German conservative and SPD parties reach 'in principle' coalition deal

The agreement is likely to see Angela Merkel secure her fourth term as Chancellor

German conservative and SPD parties reach 'in principle' coalition deal

Angela Merkel. Picture by: Kay Nietfeld/DPA/PA Images

Chancellor Angela Merkel has reached an "in principle" coalition deal four months after she failed to secure a majority in German elections.

The deal with the Social Democrats (SPD) looks set to secure her fourth term as German leader.

Talks between the parties carried on throughout the night with one source telling Reuters this morning: "It is done".

Emerging from the meeting after hours of talks, CSU's Alexander Dobrindt said: "I think it was time to have the prospect of a government in Germany. So it is a good morning."

Senior EU officials welcomed the announcement, with European Commissioner for Economic and Financial Affairs Pierre Moscovici tweeting it was "good news for Europe".

The deal, between the Christian Democratic Union, Bavaria's sister party the Christian Social Union and the SPD, will help lift uncertainty about Ms Merkel's future but will be subject to the approval of the 464,000 members of the SPD by a postal ballot.

The SPD served as a junior government partner under Ms Merkel from 2013-2017.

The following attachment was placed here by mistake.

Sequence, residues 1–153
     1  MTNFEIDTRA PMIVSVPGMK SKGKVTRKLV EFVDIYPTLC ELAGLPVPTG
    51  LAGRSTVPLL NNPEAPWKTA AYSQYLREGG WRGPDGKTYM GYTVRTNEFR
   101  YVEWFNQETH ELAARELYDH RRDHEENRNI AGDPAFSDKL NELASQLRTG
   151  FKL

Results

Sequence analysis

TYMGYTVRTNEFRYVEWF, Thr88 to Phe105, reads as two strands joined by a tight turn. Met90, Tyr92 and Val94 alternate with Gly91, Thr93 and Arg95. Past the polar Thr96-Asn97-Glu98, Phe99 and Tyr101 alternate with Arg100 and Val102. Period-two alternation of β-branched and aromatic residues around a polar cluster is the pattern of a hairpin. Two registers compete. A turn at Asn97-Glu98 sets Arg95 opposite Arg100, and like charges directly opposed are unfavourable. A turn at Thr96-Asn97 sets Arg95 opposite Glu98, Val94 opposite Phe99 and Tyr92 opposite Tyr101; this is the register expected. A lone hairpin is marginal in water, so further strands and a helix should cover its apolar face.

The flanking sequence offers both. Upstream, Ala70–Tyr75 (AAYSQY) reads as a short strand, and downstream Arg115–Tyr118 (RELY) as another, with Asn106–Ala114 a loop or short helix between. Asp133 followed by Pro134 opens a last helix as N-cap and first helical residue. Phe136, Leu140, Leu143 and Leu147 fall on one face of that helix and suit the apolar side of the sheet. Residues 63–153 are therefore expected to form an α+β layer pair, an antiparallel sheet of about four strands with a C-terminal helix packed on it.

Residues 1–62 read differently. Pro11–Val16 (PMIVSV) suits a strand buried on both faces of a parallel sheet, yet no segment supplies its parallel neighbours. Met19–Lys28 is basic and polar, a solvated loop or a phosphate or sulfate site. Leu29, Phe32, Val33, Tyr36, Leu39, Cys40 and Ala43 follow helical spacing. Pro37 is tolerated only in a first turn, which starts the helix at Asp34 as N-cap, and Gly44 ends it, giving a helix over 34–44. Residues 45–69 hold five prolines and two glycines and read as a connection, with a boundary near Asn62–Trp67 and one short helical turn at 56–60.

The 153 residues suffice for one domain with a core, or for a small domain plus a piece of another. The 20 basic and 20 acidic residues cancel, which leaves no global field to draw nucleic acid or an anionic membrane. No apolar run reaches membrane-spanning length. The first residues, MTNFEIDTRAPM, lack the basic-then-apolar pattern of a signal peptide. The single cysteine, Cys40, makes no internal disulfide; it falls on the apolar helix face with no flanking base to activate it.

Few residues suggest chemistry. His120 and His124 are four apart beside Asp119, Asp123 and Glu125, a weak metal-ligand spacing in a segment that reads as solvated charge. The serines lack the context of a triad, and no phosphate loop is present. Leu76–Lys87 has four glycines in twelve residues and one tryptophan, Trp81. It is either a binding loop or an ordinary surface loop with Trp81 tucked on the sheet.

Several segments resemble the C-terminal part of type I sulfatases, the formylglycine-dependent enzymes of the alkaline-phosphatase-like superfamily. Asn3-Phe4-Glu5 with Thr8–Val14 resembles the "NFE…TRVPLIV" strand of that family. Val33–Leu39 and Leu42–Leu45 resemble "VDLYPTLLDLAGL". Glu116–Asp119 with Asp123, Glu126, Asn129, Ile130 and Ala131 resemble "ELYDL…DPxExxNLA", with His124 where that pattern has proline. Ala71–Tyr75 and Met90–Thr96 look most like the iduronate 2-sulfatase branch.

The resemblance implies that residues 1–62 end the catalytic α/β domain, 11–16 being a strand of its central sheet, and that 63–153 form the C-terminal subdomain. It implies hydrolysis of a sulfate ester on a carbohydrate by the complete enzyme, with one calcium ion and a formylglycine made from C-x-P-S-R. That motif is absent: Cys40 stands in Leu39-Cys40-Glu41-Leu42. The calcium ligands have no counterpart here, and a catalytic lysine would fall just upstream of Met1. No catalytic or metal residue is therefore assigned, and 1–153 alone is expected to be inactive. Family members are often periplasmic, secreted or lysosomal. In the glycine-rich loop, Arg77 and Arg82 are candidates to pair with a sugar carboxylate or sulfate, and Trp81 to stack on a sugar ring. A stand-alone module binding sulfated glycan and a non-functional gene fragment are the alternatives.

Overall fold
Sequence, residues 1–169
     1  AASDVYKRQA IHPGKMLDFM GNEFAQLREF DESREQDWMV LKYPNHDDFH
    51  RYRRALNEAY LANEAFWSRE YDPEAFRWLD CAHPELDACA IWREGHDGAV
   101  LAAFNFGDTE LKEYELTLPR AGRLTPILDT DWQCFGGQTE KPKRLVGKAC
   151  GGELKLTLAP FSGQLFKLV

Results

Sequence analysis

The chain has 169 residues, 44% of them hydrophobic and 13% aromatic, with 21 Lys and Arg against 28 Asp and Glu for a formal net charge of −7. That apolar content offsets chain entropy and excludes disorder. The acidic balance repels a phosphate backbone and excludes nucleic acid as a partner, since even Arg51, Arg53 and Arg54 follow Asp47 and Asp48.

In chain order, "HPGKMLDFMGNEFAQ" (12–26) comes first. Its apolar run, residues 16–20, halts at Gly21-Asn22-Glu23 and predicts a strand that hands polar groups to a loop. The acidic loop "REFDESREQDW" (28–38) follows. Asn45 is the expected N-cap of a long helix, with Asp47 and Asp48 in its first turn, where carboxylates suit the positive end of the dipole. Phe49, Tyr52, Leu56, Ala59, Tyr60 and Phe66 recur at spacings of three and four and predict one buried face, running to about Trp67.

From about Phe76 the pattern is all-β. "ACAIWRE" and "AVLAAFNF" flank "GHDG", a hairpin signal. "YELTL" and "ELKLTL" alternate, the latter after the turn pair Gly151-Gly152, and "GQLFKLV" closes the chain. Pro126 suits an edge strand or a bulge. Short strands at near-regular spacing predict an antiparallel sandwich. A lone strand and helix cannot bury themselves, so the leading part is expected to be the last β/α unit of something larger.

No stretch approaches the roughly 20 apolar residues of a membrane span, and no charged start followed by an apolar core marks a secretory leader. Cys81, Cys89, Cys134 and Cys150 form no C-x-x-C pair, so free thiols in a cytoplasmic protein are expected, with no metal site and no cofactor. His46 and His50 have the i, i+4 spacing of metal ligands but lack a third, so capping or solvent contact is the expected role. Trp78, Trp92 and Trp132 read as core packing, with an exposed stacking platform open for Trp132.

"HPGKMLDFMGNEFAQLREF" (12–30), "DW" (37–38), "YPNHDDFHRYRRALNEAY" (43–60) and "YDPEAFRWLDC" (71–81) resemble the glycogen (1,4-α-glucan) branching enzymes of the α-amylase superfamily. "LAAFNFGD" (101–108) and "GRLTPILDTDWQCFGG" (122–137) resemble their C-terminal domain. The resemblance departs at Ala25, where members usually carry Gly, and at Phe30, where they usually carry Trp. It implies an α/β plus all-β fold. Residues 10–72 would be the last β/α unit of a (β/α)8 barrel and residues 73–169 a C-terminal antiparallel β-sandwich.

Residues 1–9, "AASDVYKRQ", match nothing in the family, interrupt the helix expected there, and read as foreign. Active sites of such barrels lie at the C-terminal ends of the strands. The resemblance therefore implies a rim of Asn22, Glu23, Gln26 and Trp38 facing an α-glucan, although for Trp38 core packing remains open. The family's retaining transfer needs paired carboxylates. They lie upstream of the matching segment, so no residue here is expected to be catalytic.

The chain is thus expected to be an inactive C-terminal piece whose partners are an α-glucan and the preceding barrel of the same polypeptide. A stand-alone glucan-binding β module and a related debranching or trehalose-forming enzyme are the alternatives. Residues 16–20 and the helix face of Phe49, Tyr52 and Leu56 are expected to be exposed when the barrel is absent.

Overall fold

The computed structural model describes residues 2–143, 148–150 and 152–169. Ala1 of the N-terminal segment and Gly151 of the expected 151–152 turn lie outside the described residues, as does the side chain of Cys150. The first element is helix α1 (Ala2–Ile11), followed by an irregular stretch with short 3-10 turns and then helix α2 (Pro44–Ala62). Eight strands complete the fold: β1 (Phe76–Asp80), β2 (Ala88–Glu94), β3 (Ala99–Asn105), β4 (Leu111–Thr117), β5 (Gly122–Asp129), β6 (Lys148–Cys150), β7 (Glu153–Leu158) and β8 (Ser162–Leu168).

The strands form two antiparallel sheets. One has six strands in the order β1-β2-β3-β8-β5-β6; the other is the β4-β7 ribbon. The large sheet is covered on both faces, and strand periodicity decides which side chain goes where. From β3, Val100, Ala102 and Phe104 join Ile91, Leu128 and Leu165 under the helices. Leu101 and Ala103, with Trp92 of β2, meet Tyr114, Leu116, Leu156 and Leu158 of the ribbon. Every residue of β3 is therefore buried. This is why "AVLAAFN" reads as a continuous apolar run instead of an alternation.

According to German public broadcaster ARD, the final disputes centred around "ministry remits and personnel questions".

Days of talks between negotiators had covered everything from foreign policy to labour issues and healthcare. The latest talks lasted 24 hours.

Sources indicate the Social Democrats will get the foreign, labour and finance ministries, a major prize held by Ms Merkel's Christian Democrats for the last eight years.

Olaf Scholz, the SPD mayor of Hamburg, is set to become German Finance Minister.

It may sweeten the deal for the members of the SPD, many of whom are sceptical of the disastrous elections results following four years as a junior partner in the coalition.

The party has enjoyed a new membership surge of more than 24,000, despite the election results.

The SPD tends to favour spending over austerity, so there could be a move away from the firmer fiscal policies of former ministers.

Should the agreement be rejected by SPD party members, Ms Merkel will either have to lead a minority government or call a new election.

An attempt to form a coalition with small parties collapsed in November.

The country has been in limbo since the September 24 election, breaking its record for the longest time between an election and the swearing-in of a new government.

Ms Merkel has been leading a caretaker government since October, which works for day-to-day business but means Germany has not been able to launch major initiatives or play a significant role in the debate on the future of the EU.